In addition to the Majestic Picture House, the future of the Theatre Royal in Hyde hangs in the balance. Likewise with the former Palace cinema in Stalybridge (latterly trading as Amber Lounge/Rififi nightclub till 2014), and the former Astoria cinema in Hyde. They too have potential, but Ashton’s public transport links are favourable to the Majestic’s cause.

A brief history of the Majestic Picture House building

The Majestic Picture House was opened on the 22 April 1920 with the film, Forbidden City. It was designed by Arnold England and, from the start, it was billed as Ashton’s most plush cinema. The first floor on the side of the auditorium was used as tea rooms. On opening, the cinema had 1,233 seats in all. There was two entrances: one on the corner of Old Street and Delamere Street, and another on the corner of Delamere Street and Wellington Street. The former entrance had a stately columned roof.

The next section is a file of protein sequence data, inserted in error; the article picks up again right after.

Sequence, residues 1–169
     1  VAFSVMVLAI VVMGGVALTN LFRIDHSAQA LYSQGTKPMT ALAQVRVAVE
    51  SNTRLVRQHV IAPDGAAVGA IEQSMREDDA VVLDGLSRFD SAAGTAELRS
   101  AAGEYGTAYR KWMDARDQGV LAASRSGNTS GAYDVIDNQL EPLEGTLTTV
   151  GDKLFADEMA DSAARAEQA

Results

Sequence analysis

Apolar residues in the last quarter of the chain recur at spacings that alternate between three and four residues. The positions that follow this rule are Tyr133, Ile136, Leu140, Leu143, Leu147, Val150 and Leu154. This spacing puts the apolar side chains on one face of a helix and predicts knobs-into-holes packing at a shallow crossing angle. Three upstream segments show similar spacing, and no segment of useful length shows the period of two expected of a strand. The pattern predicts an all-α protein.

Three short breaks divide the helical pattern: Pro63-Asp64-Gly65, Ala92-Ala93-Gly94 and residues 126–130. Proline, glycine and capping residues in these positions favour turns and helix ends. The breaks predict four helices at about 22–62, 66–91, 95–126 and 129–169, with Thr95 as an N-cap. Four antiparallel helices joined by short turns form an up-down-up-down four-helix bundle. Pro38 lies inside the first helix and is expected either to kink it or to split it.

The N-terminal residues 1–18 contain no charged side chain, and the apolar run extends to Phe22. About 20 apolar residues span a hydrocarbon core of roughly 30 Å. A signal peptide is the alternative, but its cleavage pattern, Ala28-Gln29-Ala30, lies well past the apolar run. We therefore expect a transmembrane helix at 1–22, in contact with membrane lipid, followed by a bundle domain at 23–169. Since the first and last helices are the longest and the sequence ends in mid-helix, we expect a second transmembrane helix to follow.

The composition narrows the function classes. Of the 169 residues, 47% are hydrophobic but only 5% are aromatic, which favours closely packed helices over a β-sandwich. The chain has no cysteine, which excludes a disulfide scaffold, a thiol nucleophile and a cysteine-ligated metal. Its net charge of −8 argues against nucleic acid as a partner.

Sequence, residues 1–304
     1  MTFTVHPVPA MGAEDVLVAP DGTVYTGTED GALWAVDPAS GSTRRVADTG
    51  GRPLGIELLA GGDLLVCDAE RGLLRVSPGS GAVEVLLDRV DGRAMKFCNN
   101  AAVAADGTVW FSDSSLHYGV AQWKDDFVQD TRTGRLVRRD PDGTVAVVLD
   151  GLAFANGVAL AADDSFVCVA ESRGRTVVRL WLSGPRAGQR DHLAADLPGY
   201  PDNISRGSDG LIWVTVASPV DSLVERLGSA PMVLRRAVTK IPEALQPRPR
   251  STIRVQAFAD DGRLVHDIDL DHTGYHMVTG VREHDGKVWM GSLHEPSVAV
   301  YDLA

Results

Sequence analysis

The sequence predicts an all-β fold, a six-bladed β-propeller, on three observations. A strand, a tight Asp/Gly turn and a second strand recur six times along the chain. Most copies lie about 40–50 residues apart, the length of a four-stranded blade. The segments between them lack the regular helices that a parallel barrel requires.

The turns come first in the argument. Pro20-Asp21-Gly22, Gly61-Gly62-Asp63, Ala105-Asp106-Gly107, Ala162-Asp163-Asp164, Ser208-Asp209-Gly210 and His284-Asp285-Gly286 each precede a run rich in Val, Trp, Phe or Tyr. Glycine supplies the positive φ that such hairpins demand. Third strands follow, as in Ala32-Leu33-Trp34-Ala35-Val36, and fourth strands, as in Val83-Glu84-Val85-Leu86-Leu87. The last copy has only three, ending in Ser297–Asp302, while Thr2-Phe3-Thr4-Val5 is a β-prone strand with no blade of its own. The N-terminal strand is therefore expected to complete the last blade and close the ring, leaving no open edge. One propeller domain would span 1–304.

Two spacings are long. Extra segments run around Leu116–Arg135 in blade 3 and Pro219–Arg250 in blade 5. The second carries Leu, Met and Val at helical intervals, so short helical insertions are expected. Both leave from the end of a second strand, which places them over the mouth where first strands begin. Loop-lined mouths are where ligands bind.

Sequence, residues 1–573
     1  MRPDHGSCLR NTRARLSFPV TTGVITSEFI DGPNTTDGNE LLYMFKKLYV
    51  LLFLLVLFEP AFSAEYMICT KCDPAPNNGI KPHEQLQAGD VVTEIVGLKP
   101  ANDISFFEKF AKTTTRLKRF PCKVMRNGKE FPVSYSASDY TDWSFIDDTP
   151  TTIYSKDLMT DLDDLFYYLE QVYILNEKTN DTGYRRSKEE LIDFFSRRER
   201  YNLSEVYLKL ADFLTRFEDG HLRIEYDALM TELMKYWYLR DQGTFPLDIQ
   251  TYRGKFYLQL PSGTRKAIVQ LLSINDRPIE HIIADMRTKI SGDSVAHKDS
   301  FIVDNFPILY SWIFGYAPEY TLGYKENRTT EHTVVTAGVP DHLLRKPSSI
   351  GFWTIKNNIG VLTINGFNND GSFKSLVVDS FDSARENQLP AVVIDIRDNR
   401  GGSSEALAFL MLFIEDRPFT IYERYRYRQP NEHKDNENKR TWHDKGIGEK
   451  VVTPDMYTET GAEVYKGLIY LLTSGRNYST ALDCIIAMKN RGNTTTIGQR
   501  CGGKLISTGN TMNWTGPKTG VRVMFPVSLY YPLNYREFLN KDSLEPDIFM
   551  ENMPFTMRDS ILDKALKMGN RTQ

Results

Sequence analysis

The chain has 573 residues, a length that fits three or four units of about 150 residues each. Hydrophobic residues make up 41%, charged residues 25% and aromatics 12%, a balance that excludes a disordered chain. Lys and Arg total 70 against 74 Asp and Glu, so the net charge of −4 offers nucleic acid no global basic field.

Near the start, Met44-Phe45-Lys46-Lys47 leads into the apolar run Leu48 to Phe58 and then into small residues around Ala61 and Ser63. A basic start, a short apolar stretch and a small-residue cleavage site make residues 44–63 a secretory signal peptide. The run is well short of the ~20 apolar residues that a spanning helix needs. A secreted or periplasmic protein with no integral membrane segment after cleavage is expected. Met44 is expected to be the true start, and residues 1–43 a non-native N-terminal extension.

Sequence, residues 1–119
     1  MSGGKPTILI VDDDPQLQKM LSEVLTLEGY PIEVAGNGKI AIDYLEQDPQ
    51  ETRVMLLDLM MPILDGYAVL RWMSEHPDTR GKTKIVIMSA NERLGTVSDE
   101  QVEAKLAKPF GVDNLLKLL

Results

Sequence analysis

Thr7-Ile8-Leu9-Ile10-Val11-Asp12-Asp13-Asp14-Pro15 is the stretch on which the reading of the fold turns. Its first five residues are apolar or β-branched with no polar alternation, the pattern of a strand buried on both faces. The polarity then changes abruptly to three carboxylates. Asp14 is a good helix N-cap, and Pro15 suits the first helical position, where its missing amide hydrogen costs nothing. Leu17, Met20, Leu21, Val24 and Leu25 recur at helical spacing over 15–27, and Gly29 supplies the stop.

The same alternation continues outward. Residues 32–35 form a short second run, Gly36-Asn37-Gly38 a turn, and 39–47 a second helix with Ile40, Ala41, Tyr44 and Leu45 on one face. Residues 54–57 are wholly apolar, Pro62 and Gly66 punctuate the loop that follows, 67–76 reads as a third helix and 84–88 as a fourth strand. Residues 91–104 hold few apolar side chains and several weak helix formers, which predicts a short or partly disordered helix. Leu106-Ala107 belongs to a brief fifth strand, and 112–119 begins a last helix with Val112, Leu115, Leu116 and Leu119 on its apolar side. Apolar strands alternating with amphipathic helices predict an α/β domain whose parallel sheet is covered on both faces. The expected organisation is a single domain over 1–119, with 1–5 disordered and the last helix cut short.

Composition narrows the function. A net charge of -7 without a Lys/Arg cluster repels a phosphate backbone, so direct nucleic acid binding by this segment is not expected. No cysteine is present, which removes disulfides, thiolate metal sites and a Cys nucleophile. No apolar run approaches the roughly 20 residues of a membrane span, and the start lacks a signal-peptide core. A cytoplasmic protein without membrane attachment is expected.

It was part of the Provincial Cinematograph Theatres group prior to their acquisition by Gaumont British Theatres in 1946, whom for five years had been part of The Rank Organisation as a going concern. This meant a name change to the Gaumont. By 1960, it became the ODEON. With Ashton having two Rank owned cinemas before then, the Old Street one was under the Gaumont name to avoid confusion with the ODEON in Guide Bridge.

In 1981, the recession started to bite into cinema receipts. That, coupled with the arrival of video cassette recorders meant a perfect storm for cinema owners and film studios. In Ashton, the ODEON closed with Walt Disney’s Snow White and the Seven Dwarfs, a little half term treat for younger filmgoers.